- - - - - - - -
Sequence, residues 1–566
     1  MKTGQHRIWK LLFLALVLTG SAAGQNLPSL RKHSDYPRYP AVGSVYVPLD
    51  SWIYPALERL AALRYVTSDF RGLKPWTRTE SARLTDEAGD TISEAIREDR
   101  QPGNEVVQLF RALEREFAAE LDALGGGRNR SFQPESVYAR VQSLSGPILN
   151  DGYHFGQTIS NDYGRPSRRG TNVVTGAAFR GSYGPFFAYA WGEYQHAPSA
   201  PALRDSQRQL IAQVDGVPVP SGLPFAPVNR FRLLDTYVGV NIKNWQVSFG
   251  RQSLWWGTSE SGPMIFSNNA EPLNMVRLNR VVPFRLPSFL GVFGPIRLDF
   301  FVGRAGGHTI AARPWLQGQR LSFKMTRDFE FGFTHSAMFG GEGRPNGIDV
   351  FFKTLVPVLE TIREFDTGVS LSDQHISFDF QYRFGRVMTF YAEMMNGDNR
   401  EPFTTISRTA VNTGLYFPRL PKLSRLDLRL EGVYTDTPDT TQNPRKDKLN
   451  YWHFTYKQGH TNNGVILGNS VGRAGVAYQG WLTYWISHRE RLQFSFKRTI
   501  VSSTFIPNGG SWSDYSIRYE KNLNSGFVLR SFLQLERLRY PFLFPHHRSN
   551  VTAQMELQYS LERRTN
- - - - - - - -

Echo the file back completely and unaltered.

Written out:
Sequence, residues 1–566
     1  MKTGQHRIWK LLFLALVLTG SAAGQNLPSL RKHSDYPRYP AVGSVYVPLD
    51  SWIYPALERL AALRYVTSDF RGLKPWTRTE SARLTDEAGD TISEAIREDR
   101  QPGNEVVQLF RALEREFAAE LDALGGGRNR SFQPESVYAR VQSLSGPILN
   151  DGYHFGQTIS NDYGRPSRRG TNVVTGAAFR GSYGPFFAYA WGEYQHAPSA
   201  PALRDSQRQL IAQVDGVPVP SGLPFAPVNR FRLLDTYVGV NIKNWQVSFG
   251  RQSLWWGTSE SGPMIFSNNA EPLNMVRLNR VVPFRLPSFL GVFGPIRLDF
   301  FVGRAGGHTI AARPWLQGQR LSFKMTRDFE FGFTHSAMFG GEGRPNGIDV
   351  FFKTLVPVLE TIREFDTGVS LSDQHISFDF QYRFGRVMTF YAEMMNGDNR
   401  EPFTTISRTA VNTGLYFPRL PKLSRLDLRL EGVYTDTPDT TQNPRKDKLN
   451  YWHFTYKQGH TNNGVILGNS VGRAGVAYQG WLTYWISHRE RLQFSFKRTI
   501  VSSTFIPNGG SWSDYSIRYE KNLNSGFVLR SFLQLERLRY PFLFPHHRSN
   551  VTAQMELQYS LERRTN